Malta offers a full range of sales channels to consumers, with various distribution methods depending on the type of product offered. These methods range from wholesalers selling to traditional shops which then sell to the public, to more sophisticated methods such as large department stores which have become increasingly popular outlets.
The Maltese retail distribution sector is mostly made up of small local retail shops and street vendors (fruits and vegetables). Most of these are family owned. However, entry into the EU and the adoption of the Euro have changed the face of traditional local retailing and have paved the way for large European retailers and franchises to expand on the islands. While the retail industry in Malta is still by and large dominated by small trading companies, Malta’s entry into the EU has forced local traders to re-think their distribution strategies by opening the local market up to foreign competition. In fact, the last ten years have witnessed takeovers and mergers of local domestic shops with larger international entities.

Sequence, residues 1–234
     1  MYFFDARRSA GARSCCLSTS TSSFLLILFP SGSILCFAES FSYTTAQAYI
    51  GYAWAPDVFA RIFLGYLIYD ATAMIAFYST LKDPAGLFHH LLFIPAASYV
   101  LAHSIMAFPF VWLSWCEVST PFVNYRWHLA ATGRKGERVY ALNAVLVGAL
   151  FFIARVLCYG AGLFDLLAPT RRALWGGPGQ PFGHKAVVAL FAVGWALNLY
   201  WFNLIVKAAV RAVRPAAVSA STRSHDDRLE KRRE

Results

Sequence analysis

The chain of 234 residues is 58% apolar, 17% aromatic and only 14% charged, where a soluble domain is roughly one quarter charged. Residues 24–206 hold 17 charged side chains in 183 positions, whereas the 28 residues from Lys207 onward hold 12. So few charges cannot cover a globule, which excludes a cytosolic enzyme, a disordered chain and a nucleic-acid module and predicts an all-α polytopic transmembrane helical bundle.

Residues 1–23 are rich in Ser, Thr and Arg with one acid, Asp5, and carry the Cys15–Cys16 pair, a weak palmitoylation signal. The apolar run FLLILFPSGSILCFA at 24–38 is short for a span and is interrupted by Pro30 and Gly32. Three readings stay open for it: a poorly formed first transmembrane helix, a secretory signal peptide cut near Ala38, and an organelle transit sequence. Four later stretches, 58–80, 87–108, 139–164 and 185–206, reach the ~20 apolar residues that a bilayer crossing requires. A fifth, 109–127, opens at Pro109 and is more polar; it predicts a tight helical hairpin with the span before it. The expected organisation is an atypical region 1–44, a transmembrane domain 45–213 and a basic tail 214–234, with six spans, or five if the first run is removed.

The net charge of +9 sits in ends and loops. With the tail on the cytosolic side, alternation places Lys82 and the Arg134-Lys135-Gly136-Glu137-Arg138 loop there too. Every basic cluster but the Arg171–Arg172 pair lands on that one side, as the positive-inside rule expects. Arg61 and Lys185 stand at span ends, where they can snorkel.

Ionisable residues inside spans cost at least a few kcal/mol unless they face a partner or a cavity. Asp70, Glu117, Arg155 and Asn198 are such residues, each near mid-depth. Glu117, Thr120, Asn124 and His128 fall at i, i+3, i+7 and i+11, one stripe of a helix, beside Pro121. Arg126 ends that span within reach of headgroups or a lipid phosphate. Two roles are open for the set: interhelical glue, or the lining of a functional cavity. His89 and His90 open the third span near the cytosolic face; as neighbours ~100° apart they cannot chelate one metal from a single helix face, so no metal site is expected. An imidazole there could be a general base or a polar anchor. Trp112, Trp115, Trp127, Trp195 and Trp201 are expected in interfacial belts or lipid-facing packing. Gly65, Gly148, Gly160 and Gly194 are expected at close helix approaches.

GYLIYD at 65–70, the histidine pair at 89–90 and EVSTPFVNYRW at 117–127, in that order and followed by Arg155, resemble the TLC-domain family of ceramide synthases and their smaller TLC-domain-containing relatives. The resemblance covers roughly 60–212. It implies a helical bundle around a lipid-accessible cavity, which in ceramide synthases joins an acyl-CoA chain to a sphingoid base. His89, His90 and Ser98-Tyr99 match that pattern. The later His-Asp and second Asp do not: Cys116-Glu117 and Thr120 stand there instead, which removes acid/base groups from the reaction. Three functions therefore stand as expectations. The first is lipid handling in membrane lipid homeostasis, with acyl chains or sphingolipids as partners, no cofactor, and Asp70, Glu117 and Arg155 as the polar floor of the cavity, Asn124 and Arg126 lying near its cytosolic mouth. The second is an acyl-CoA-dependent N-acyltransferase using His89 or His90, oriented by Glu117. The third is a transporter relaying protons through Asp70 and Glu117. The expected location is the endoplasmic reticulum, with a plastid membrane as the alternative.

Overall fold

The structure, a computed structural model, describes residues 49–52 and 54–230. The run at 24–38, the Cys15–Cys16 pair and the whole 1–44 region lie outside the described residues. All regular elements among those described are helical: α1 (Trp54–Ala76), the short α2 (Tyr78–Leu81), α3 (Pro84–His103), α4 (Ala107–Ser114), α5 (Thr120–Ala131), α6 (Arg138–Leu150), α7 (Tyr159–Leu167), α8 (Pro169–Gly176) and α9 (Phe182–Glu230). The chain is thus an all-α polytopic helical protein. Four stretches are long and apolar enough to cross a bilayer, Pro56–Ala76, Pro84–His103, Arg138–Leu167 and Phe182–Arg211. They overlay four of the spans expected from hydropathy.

Malta does not have any natural resource wealth or any heavy industry: the country thus depends entirely on imports to meet its requirements of basic products, industrial products as well as consumer goods. Though Malta is a small market, it is characterised by the active presence of a multitude of trade companies, often family-run businesses but very competitive towards each other. These companies generally undertake the import and distribution of goods at the same time. A few specialist importers also exist and they constantly seek to expand their field of action by extending their product range. Many European distributors have been partnering with Maltese firms to open franchises of fashion and food stores across the island over the last few years. For instance, supermarket chains such as SPAR, the discount chain LIDL, British mass retailers Marks & Spencer and, most recently, Matalan have entered the market. Some local operators have invested in modern mass retail, working directly with European retailers, while others have partnered to represent brands in North Africa.